Most Faroese seemed to have one thing in common, no matter their opinion on the Grindadrap, they were angry. They are angry about the way they are being demonized by the media, and for how marine conservation groups are carrying on their struggle against their tradition.
Volunteers arrive in the country without making any effort to learn about Faroese culture, ready to cast judgment, post graphic images and insult locals on social media rather than trying to sit at a table and engage in beneficial talks. I met a guy who hosted volunteers at his home for six months, until he had enough of them talking about ‘bloody fjords,’ ‘savages’ and ‘killing beaches’ every day.
‘I was all in favor of what they stood for,’ He said. ‘But I couldn’t take them disrespecting my people and my country, day after day.’
There has been a lot of hypocrisy and media sensationalism surrounding the Grindadrap.
This warmongering attitude toward the Grindadrap is going to achieve nothing, and if anything, it’s counterproductive. Last year, the Faroese banned Sea Shepherd activists from entering the country. And the tradition-loving Faroese have become even more attached to their heritage that they are even more willing to continue the Grindadrap.
Activists call locals ‘savages’ because killing whales is ‘morally wrong.’ They post graphic pictures, which are picked up and shared by mainstream and social media — often without sharing the details or facts. People reason with their guts, attributing meaning only to what they see.
This leads to the Faroese people being demonized for their practice that is considered sustainable and humane — simply because it’s bloody and happens in plain sight.
At the same time, Japan still practices commercial whale hunting under the disguise of ‘scientific research.’ Iceland hunted endangered fin whales until this year. (The hunt won’t take place this summer but it hasn’t yet been banned altogether.) In Norway, whales are also routinely hunted, yet demand for whale meat is so low that it is fed to animals on fur farms.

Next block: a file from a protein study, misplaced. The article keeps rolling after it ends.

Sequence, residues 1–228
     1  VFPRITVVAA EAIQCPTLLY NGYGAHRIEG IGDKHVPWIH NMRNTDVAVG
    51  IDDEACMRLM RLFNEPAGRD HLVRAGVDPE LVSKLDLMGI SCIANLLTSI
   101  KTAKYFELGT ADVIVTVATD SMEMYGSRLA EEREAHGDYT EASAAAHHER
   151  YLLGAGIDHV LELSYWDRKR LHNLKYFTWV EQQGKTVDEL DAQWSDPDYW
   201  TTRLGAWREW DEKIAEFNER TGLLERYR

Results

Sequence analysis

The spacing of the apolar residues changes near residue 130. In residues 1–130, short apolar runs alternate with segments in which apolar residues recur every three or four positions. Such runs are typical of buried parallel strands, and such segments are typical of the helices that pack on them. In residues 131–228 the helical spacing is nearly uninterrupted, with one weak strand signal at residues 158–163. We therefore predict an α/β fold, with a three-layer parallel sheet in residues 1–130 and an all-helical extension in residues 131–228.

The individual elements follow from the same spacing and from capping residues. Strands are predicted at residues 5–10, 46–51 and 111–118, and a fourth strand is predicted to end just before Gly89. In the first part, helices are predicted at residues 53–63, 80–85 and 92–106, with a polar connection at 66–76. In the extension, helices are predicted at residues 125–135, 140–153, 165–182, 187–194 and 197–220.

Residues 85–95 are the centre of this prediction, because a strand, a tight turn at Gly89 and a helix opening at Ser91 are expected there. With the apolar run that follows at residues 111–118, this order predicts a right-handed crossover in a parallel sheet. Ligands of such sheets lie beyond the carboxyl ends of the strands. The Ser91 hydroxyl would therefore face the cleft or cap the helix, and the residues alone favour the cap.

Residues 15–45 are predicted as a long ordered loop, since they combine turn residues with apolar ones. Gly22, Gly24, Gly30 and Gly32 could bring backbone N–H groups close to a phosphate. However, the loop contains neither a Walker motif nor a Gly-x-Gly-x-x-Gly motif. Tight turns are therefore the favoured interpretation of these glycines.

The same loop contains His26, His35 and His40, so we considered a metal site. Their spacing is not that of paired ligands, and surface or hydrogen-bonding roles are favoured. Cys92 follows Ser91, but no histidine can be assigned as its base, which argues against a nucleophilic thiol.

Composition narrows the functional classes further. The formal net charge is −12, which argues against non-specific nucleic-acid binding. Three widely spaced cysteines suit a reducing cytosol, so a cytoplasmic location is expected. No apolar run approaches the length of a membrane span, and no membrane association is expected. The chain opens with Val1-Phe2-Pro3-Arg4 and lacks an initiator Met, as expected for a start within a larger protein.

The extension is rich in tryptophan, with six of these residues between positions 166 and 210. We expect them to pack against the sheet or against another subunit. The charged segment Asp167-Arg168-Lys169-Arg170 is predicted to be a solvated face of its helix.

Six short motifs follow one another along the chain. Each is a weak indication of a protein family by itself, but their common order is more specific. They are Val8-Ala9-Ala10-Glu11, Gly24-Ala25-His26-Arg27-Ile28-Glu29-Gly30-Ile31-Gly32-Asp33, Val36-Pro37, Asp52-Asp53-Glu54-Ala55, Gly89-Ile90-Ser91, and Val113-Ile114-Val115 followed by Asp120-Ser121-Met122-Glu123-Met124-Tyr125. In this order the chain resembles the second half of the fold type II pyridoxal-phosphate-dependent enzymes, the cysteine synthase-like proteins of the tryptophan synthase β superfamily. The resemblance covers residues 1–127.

When I asked the people sending me hate messages, if they did the same for the people in Japan, Norway and Iceland, no one was able to give me a conclusive answer.
I believe that there isn’t enough attention on the hunts in those countries because they kill whales far out at sea. Out of sight, out of mind.
What does the future of the Faroe Islands and its Grindadrap look like?
Reading this article, you may think that I’m in favor of the Grindadrap. And as a matter of fact, I’m not. It’s no longer vital for the survival of the Faroese people. And the meat isn’t even suitable for human consumption, making whale kills totally unnecessary.
However, after having met and spoken with the Faroese people, I see their point. They’ve been ridiculed and demonized by media worldwide and have been targeted by endless, unjustified hate.
The man in Torshavn is right: ‘What we need is a dialogue.’
Promoting ecotourism could be the answer — a positive campaign, organized by the whale-watching industry and International Fund for Animal Welfare has had success in shifting local attitudes about whaling in Iceland, and in the Faroes themselves killer whales, who used to be hunted, are now viewed with fascination.
Dialogue, education and listening to one another are the best ways to change perspectives. Go and visit the Faroe Islands, talk to the Faroese people, get to know their point of view. Or, at the very least, think twice before sharing that bloody Grindadrap picture on your Facebook wall.